Just one in SIX women report sex assaults, figures show

Just one in SIX women report sex assaults: Shocking toll shows majority of attacks go unpunished because victims fear they won’t be believed or helped

  • Figures show more than one in 20 women have been raped since they were 16  
  • More than 700,000 adults were victims of sexual assault in year to March 2020
  • The disclosures come amid a national conversation around women’s safety 

Fewer than one in six women who are raped or sexually assaulted report it to police, figures show.

This is because they are embarrassed, fear they won’t be believed or are sceptical officers will help.

More than one in 20 women have been raped since they were 16, according to the Office for National Statistics (ONS).

Almost half of those attacked were victims of their partner or ex-partner, while women were almost twice as likely to be attacked in their own home. A stock image is used above [File photo]

Its annual Crime Survey for England and Wales revealed yesterday that 773,000 adults – including men – were victims of sexual assault in the year to March 2020. 

The ONS estimates that, each year, one in 40 women aged between 16 and 24 in England and Wales experience rape or attempted rape.

The disclosures come amid a national conversation around women’s safety following the abduction and murder of Sarah Everard earlier this month.

The survey is particularly useful in gaining an understanding of women’s safety because it captures sexual assaults that were not reported – 84 per cent of women polled did not tell the police, with 39.6 per cent of these citing fear of embarrassment as their main reason. 

A similar number thought the police would be unable to help, a quarter feared the police would not believe them and 15 per cent said they ‘didn’t think the police would be sympathetic’.

The ONS estimates that, each year, one in 40 women aged between 16 and 24 in England and Wales experience rape or attempted rape. A stock image is used above [File photo]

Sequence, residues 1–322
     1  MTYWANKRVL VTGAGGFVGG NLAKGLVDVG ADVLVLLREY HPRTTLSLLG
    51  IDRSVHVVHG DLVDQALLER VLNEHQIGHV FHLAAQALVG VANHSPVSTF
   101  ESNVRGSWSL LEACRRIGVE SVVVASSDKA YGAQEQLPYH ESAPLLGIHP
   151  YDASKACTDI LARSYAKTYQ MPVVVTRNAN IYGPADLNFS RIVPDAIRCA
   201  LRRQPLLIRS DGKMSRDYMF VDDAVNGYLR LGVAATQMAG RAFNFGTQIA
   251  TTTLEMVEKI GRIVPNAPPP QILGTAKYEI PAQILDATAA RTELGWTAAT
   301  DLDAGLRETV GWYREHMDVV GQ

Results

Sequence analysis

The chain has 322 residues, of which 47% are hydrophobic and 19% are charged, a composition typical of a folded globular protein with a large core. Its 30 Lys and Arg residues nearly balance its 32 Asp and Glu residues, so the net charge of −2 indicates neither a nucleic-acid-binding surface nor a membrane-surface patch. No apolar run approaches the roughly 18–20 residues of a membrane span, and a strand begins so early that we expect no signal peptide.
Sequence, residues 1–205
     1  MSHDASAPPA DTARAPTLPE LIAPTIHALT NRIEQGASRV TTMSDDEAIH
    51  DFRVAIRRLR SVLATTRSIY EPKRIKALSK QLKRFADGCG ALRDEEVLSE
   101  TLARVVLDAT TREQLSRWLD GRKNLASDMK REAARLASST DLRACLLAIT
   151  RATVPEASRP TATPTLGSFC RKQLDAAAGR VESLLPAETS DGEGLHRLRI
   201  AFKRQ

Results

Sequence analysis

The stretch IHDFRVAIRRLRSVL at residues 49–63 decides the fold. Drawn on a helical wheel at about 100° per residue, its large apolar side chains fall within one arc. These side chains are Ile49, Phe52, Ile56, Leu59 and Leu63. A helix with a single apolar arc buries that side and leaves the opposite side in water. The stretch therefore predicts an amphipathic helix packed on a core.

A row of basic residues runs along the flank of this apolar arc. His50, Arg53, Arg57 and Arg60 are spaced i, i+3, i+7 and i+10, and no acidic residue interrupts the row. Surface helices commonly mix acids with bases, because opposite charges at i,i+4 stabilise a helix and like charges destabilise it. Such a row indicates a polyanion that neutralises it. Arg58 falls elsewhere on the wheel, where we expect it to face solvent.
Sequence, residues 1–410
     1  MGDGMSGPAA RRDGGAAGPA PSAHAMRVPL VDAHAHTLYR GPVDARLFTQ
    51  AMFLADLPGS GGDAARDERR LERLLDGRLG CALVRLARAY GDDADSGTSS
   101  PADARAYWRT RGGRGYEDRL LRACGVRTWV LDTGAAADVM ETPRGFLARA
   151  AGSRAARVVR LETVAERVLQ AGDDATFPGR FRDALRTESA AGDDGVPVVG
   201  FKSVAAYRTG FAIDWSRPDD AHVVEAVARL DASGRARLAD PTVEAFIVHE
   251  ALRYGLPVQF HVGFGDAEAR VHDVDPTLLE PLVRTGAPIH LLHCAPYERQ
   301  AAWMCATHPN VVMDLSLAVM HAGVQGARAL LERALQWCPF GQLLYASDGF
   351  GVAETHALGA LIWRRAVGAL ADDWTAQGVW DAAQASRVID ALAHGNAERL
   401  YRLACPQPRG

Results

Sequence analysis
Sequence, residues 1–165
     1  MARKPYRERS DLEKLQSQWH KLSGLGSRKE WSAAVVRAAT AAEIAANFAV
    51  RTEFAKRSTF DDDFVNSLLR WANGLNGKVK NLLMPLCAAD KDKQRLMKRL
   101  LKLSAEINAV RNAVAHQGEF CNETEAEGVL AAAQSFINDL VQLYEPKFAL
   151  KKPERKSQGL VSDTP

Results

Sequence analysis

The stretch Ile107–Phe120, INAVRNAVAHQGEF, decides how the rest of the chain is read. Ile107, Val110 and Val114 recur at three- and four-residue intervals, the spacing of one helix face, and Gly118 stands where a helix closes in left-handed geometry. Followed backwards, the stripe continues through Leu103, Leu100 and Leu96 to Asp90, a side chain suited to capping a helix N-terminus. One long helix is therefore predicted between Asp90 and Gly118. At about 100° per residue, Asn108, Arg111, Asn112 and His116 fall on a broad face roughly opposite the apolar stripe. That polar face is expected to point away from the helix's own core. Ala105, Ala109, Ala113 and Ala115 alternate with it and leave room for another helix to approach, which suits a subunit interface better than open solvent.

Of those women who did go to the police, 18.8 per cent said the police took no action while 11.4 per cent said the perpetrator got off with just a warning.

Almost half of those attacked were victims of their partner or ex-partner, while women were almost twice as likely to be attacked in their own home. 

Overall, police in England and Wales recorded a total of 162,936 sexual offences in the year – a 0.7 per cent fall.

Helen Ross, from the ONS Centre for Crime and Justice, said: ‘The drop was driven by reductions in indecent exposure or unwanted sexual touching, however there was no change in the prevalence of rape or assault by penetration.

‘The number of sexual offences recorded by the police has fallen slightly, after nearly tripling in recent years. The number of offences recorded by the police remains well below the number of victims estimated by the survey.’

Sarah Jones, Labour’s policing spokesman, said: ‘These figures show the scale of sexual violence that women face. It’s unacceptable that so few victims feel able to come forward and so many perpetrators are escaping justice. This has to be the time for change.’

Labour has called for harsher penalties for rape and domestic murder, as well as action on stalking and street harassment.

On Monday, the Court of Appeal dismissed a legal challenge to a change in policy by the Crown Prosecution Service that has seen a decline in the number of rape cases going to court.

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